Rules and Regulations of Soccer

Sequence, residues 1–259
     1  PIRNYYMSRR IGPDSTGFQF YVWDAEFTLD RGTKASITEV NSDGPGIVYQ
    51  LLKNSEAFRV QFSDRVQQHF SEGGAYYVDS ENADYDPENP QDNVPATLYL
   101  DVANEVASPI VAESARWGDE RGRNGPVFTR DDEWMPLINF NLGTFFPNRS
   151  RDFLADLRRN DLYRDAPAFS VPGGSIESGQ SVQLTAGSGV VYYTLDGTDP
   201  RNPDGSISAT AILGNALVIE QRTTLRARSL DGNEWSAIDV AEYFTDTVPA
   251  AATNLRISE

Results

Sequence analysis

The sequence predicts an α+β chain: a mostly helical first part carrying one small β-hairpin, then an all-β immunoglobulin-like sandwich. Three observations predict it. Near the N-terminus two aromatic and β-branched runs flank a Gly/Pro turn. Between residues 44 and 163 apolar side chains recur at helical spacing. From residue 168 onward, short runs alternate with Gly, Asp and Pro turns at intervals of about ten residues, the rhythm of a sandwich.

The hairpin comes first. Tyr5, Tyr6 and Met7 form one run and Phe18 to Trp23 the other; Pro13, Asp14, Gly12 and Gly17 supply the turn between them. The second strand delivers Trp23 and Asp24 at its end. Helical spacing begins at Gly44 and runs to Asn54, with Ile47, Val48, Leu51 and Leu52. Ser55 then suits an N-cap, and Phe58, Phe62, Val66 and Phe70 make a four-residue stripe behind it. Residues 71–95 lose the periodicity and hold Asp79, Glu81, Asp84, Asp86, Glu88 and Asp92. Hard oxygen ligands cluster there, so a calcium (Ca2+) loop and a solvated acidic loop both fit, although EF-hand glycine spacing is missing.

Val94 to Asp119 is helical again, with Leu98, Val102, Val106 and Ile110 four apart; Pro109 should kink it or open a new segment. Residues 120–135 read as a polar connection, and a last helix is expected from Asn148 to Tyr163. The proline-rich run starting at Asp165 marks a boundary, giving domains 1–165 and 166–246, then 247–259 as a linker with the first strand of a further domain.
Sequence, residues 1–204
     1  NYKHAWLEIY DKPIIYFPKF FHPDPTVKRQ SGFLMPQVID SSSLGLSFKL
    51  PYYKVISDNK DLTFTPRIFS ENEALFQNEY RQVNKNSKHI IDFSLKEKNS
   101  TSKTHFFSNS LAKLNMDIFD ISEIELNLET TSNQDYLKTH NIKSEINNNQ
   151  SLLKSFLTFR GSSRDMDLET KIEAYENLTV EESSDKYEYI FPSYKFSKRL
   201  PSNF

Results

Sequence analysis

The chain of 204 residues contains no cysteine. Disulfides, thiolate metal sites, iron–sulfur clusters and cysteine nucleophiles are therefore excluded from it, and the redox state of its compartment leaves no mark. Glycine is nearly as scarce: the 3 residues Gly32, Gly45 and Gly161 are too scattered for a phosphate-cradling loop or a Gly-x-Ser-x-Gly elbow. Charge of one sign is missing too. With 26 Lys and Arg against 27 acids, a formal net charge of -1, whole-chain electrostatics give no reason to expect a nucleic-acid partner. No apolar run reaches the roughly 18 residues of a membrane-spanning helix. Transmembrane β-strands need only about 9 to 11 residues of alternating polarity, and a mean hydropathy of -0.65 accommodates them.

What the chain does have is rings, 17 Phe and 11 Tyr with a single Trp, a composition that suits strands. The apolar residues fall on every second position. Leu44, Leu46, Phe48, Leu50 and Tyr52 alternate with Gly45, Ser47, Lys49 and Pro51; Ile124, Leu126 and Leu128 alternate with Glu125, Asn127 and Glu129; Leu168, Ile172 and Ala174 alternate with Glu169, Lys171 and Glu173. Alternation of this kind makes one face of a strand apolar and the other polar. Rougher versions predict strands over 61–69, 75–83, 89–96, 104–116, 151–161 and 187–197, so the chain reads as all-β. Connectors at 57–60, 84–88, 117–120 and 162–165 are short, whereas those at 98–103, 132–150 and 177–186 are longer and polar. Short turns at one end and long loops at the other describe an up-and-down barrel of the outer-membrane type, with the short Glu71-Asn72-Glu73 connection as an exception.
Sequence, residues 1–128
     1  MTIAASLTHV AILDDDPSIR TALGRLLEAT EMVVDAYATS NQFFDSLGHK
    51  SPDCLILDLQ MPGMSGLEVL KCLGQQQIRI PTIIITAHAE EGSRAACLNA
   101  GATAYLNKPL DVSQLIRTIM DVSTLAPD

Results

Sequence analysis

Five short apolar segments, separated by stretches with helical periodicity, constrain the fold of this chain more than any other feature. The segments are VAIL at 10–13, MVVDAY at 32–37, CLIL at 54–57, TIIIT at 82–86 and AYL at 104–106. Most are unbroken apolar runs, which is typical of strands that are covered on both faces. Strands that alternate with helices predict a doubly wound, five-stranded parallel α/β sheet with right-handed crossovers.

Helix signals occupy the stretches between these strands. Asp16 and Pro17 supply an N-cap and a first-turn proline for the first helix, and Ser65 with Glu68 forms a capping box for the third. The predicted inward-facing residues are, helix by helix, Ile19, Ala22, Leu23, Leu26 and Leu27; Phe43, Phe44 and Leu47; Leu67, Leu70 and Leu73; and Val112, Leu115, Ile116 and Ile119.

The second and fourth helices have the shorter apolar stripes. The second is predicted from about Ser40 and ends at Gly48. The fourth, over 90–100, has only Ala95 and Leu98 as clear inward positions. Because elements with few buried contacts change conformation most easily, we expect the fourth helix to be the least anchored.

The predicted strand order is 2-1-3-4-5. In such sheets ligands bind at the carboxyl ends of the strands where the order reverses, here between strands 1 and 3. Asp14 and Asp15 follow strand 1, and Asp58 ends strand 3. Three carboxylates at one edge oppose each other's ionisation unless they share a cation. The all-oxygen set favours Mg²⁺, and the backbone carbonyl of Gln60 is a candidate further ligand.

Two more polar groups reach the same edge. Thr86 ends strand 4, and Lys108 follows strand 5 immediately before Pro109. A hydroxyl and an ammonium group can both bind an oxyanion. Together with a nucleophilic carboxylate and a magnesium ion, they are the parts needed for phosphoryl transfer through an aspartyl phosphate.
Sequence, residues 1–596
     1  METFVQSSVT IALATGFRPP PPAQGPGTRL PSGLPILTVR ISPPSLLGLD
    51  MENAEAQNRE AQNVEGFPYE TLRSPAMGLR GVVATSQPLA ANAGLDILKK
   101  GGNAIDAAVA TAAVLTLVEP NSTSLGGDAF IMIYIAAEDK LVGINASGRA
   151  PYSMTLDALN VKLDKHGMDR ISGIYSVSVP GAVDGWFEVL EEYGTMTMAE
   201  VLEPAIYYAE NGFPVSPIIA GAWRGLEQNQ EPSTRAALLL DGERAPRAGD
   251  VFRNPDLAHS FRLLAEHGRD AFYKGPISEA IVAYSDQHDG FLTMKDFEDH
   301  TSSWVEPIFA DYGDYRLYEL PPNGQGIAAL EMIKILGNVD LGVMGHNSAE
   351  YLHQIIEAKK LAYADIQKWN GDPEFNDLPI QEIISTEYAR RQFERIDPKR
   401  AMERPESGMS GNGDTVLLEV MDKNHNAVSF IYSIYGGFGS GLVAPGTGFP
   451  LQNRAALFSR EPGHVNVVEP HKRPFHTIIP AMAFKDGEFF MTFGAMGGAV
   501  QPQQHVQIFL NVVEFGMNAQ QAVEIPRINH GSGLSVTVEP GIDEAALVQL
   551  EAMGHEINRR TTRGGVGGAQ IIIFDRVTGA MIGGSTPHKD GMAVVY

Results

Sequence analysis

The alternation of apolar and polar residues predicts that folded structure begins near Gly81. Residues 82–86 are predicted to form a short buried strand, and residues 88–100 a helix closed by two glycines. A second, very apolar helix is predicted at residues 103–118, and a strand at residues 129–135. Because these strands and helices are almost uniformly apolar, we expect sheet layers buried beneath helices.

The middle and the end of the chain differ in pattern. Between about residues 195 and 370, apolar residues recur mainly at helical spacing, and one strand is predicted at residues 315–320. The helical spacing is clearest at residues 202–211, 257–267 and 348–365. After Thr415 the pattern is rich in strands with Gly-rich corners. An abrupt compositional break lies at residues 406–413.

The rules of soccer are very simple, basically it is this: if it moves, kick it. If it doesn't move, kick it until it does.~ Phil Woosnam Is Phil Woosnam's statement contradicting the topic? Well, if you stress a little on the term 'basically', you'd agree with me that it doesn't contradict the topic, it indeed is right that the game is all about kicking the ball as the famous soccer player says. However, without any rules and regulations no game can be a game, be it football, tennis or any other sport. Rules and regulations apply to all games and soccer is no exception. I believe I don't need to introduce you to the popular game of soccer but, many of us are not aware of the rules and regulations of soccer. Laws of the Game Rules and regulations of soccer is officially termed as the 'Laws of the Game'. These rules and regulations are annually revised by the world soccer governing body FIFA (Fédération Internationale de Football Association/ International Federation of Association Football). FIFA allows the laws to be modified for matches where the players are under the age of 16 years, for women footballers, for veteran footballers over the age of 35 years and for players with disability. Besides the aforementioned, modifications are permissible in the size of the field of play, the size, weight and material of the ball, width of the goalposts and the height of the crossbar from the ground, substitutions and duration of the periods of play. Given below are the rules and regulations of soccer game, these laws were first approved at a meeting of the Football Association held on 8th December 1863. Law 1: The Field of Play - According to this law, the football matches can be played on natural or artificial surfaces and the color of the artificial surfaces must be green. The artificial surfaces used in international club competition matches and matches between teams of member associations affiliated to FIFA must meet the International Artificial Turf Standard/ FIFA Quality Concept for Football Turf. The field of play includes the field markings, dimensions and lengths of the field markings, the goals and the goal area, the penalty area, flagposts and the corner arc. Law 2: The Ball - The second rule implies the quality and measurements of the ball where in the circumference of the ball should neither be more than 70cm or 28ins nor less than 68cm or 27ins. The weight of the ball must not be over 450g and not less than 410g at the start of the match. If the ball becomes defective during the course of a match then the ball can only be replaced with the authority of the referee. Official competition organized by FIFA, for example FIFA World Cup or the ones organized under the guidance of FIFA requires a ball bearing one of the three official logos and they are, 'FIFA Approved', 'FIFA Inspected' or 'International Match Ball Standard'. Law 3: The Number of Players - A soccer match is played by two teams consisting of even players each and one of these players is the goalkeeper. A match cannot start if any one of the team consists of less than seven players. In official competitions endorsed and organized by FIFA, a maximum of three substitutes can be used. The competition rules must state the number of substitutes that may be nominated, the minimum number of substitutes is three and the maximum is seven. There are certain conditions to be followed when replacing a player with a substitute. Before making a proposed substitution, the referee must be informed. Once the substitute joins in as a player, the player who goes out becomes the substituted player and cannot take part in the same game again. The change of goalkeeper can only be made during a stoppage in the match. Law 4: The Players' Equipment - For safety reasons, players should not use any equipment or wear anything that could be dangerous to themselves and other players. The basic compulsory equipment or items of a player comprises a jersey or shirt with sleeves, shorts, stockings, a shinguard and footwear. Players wearing undershorts must match its color with the main color of the shorts and if a t- shirt is to be worn underneath the jersey, then the it should match the color of the jersey sleeve. Law 5: The Referee - A referee has the authority to enforce the law of the game on the match that he is appointed for. Referee has the right to stop, suspend or abandon the match and he can also take disciplinary action against the players who are found committing an offense. Referee also reserves the right to take action against team officials who fail to conduct themselves. Law 6: The Assistant Referees - Assistant referees work along with the referee on the field. Two assistant referees are appointed to assist the referee and they keep an eye on things like which team is entitled to a goal kick, throw-in or a corner kick and to check whether the goalkeeper steps off the goal line before kicking the ball during penalty kicks. Law 7: The Duration of the Match - Altogether a football match lasts for 90 minutes and these 90 minutes are split in two periods with each period being of 45 minutes. Players are entitled to an interval at half time or after the first 45 minutes and the interval must not exceed 15 minutes. Time allowance is made in case of time lost because of substitutions, removal of injured players from the field or any other relevant cause. Be it the first or the second half of the game, the duration of the game is extended when the penalty kick is not completed. Law 8: The Start and Restart of Play - Team that wins the toss gets to decide which goal to be attacked during the first half of the match and the opposition team takes the kick-off. Kick-off is the way of starting or restarting the game and takes place at the start of the match, after a goal, at the start of the second half and at the start of each extra time period. The teams change ends and attack the opposite goals in the second half. If the player taking the kick-off happens to touch the ball again before it is touched by another player then in such a case, an indirect free kick must be awarded to the other team. Law 9: The Ball In and Out of Play - The ball is considered to be out of play when it either crosses the goal line or touch line and touches the ground or is in the air and also when the play is stopped by the referee. The ball is called to be in play at all the other instances such as when it rebounds off a crossbar, a corner flag post or a goalpost and remains within the field of play and when it hits or touches the referee or assistant referees when they are on the field of play. Law 10: The Method of Scoring - When the ball crosses the goal line, between the goalposts and under the crossbar, it is called a goal. The team that scores the maximum number of goals is declared the winner. When both teams score equal number of goals or when no goals are scored by both the teams then the match must be declared as drawn. In situations where the rules of the competition require there to be a winning team or in cases of home and away tie, the only permissible procedures for determining the winner are those that are approved by the International Football Association Board and the procedures include; away goals rule, kicks from the penalty mark and extra time. Law 11: Offside Position - A player is said to be on an offside position when he is closer to the opponents goal line than both the second last opponent or the ball and a player is not in this position when he is within his own half of the field of play, he is level with the second last opponent or when he is level with the last two opponents. Being in an offside position is not an offense unless the player is gaining advantage by being in that position or trying to disrupt the play by being in opinion of the referee involved in the active play by interfering with the opponent or the play. The player receiving the ball directly from a goal kick, a corner kick or a throw-in, is not an offside offense. In case of an offside offense, an indirect free kick is awarded by the referee to the opposing team. Law 12: Fouls and Misconduct - Fouls and misconduct are penalized in various forms. A direct free kick is rewarded to the opposing team when a player commits any offense in a careless, reckless or where he uses excessive force such as pushing an opponent, attempts to trip on an opponent, attempts to strike and strikes an opponent, tackles an opponent, kicks or tries to kick an opponent, jumps at an opponent, charges on an opponent. A direct kick is also awarded by the referee in cases where the player holds an opponent, spits at an opponent or when other than the goalkeeper; a player handles the ball deliberately. A direct free kick is to be taken from the place where the offense occurred. Penalty kick is rewarded when the aforementioned offenses are committed by a player within his own penalty area. When a goalkeeper within his own penalty area tries to or controls the ball with his hands for over six seconds before releasing it, touches the ball again after releasing the ball, touches the ball when it has deliberately been hit by his team member and when he touches the ball with his hands after receiving it directly from a throw-in taken by a team member, an indirect free kick is given to the opposing team. An indirect free kick is also given in cases where the referee feels that a player is playing in a dangerous manner or is preventing the goalkeeper from releasing the ball and when any other offense is committed. Some of the other disciplinary actions are taken by issuing cards such as yellow card which denotes that the substituted player has been cautioned. The red card is used to inform that the substituted player has been sent off the field of play and the player is sent off due to various reasons such as violent conduct, serious foul play and denying the opposing team's goal. A yellow card is also used to caution the players committing offenses such as unsporting behavior, delaying the start of play, failure to adhere to the required distance when the play is restarted with a corner kick, free kick or throw-in, entering or re-entering the field of play without taking a permission from the referee, persistent breaking of the laws of the game and in cases of dissent by word or action. Law 13: Free Kicks - Free kicks are of two types, direct and indirect. In direct free kick, the ball enters the goal when the direct free kick is directly kicked into the opponent's goal a goal is awarded and when it is kicked directly into the team's own goal, if this happens; a corner kick is awarded to the opposing team. The only condition in indirect free kick is that the ball needs to touch another player before it enters the goal of the opponent's team. Law 14: Penalty Kick - A penalty kick is awarded against a team that commits any offense for which a direct kick is awarded, inside its own penalty area. Additional time is allotted for a penalty kick to be taken at the end of each half of the game. Law 15: The Throw-In - Throw-in is nothing but a method of restarting the play and a goal cannot be scored directly from a throw-in. It is awarded to the opponents of that player who last touched the ball while the ball has crossed the touch line and remains either on the ground or stays in the air. Law 16: The Goal Kick - A goal kick is another method of restarting the play. It is awarded when the ball is last touched by a player of the attacking team and crosses the goal line, either on the ground or in the air and the goal is not scored. Law 17: The Corner Kick - Unlike the goal kick, a corner kick is awarded when the ball is last touched by a player of the defending team and crosses the goal line, either on the ground or in the air and the goal is not scored. That was a long... list of soccer rules and regulations. Having said that, I must accept that I could only list the rules and regulations in brief. You may visit the official website of FIFA to find a detailed version of rules and regulations of soccer.